Monday, March 15, 2010

Volunteers: Tomatoes















In January, using compost he had brought to Florida from Massachusetts, J. potted up a juniper plant and set it on the balcony. Today, three months later, he moved the pot from the floor to a table. He was clearing the decks to sweep.















Trailing out from under the armadillo's paw was a green fringe. Not Juniper. At first I thought it was a weed. I lifted the fringe and caught the pungent minty smell of tomato plants. The fringe, composed of at least a dozen and a half tomato shoots, had grown in the compost from a discarded tomato. With a small sharp spoon I pried it up in one clump. The leggy plants had been reaching for more sun.

I wish I had taken a picture of the tangled shoots. Stem, roots, leaves: all tangled. They grew from one small clot to which, on one side, clung a frail papery, pale brown skin. The skin of cherry tomato. Would the stems come apart? Taking care not to break them, I eased the stems away from each other. None wilted. I picked out the largest plants--about five inches long--and planted them up to the hilt. Tomatoes send out roots from the stem.















Some I saved in water.















The rest went into the compost container John will take to our allotment in the community garden.

If I had tried to sow tomato seeds, would they have sprouted so luxuriantly? I don't know. But I treasure these volunteers and will try to grow them on. They will come north with me in April in my carry-on bag.

Right now, after having had a stretch of poems, each quickly generating the next, I am waiting for another poem, waiting longer than I'd like. The tomato seedlings have been growing for two and a half months without any help from us, except water. We didn't know we were watering them. Some fragment--word, dream, memory--I've tossed away may sprout into a delicate fringy green with long white roots. Perhaps I should think of myself not as a poet but a rescuer of poems.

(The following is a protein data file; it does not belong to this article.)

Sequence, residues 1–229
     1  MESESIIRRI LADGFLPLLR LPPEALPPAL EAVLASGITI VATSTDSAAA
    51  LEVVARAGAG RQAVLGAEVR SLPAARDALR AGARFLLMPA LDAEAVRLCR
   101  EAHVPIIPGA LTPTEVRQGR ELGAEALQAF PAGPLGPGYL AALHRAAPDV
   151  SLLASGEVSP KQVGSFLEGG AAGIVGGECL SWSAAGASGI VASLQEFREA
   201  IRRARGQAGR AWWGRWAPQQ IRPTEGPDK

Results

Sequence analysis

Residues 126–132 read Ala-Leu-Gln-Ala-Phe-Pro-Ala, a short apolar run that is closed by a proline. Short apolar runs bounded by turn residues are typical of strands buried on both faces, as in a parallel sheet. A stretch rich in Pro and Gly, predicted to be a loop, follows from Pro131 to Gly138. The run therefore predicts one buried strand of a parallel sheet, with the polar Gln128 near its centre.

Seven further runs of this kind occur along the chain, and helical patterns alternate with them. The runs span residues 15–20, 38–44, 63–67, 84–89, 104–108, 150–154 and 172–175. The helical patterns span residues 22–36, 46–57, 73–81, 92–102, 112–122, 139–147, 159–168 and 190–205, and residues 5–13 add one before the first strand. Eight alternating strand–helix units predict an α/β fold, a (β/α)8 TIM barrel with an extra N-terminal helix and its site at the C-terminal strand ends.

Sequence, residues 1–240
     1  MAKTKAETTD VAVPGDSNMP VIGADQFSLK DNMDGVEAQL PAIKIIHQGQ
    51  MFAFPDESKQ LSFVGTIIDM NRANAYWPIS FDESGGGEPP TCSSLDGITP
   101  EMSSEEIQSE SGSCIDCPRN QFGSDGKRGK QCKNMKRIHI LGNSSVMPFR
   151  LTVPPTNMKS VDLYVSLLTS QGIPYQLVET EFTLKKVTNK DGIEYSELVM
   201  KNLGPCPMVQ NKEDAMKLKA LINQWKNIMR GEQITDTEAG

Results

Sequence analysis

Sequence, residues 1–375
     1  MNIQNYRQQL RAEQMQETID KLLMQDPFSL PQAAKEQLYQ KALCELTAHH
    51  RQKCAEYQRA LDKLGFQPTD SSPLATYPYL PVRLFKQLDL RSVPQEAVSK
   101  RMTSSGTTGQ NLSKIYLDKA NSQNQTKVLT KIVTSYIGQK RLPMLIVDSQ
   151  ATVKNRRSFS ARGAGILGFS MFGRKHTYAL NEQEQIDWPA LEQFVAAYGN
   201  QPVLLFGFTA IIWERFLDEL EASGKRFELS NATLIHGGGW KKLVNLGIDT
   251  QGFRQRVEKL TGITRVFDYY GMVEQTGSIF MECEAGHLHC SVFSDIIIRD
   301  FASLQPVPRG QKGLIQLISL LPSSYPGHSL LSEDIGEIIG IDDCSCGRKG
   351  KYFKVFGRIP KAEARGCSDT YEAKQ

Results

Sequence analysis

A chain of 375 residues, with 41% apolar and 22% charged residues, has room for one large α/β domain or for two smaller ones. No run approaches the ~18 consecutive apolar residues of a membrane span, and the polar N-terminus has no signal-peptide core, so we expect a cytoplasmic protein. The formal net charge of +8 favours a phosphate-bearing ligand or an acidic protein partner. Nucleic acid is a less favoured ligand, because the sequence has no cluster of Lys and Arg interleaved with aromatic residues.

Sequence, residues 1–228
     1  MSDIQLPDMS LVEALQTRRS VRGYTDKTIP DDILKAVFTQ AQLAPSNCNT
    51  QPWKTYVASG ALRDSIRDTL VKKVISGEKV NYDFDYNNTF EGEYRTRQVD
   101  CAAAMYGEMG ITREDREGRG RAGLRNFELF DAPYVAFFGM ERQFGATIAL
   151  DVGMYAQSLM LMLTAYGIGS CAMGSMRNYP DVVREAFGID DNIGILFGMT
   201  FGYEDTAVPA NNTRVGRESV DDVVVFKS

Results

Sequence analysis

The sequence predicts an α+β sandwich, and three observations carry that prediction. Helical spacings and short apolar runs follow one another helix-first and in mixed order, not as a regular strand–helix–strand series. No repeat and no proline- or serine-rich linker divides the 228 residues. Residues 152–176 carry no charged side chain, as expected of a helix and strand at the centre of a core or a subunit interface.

8 comments:

  1. ohhhh..so many of my favorite things in one post, mim.
    tomatoes, poetry, miracles...

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  2. Perhaps it's time for a tomato poem?

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  3. Thanks, Susan!

    T. Clear: I wrote a poem about the volunteer seedlings; the next poem may be about a tomato. I bet you have wonderful tomato recipes.

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  4. This post makes me ridiculously happy. Our landlord dug up our driveway and tomatoes spang up from the cracks for no apparent reason and they were the best tomatoes I ever didn't grow.
    xo

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  5. Sometimes everything is there already, even if one doesn't know it yet. Sometimes I remind myself on this, when I'm on the search for something. Then I hold my breath for a second, and listen very well and look around with aware eyes, and relax. Quite often the search has an end. You can relax and just wait until you're able to see; everything is just there.
    Mim, thanks for reminding me to mention from whom which picture is. I really feel bad that I forgot about it, and I feel shame about it!

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  6. Radish, I have high hopes for those seedlings; they have been resilient so far. The smallest ones have now been planted; I'll bring those back to Massachusetts.

    Smilla, not too worry. If I had made the New York Times, I'm sure I would have forgotten something.

    The volunteers are my green for St. Patrick's Day.

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  7. Translated from the Chinese: Human good things, it is necessary, such as sponges with water and firmly . . .

    Goodness in us as water in sponges.

    Philosopher Xi Zhu (born c. 1129)

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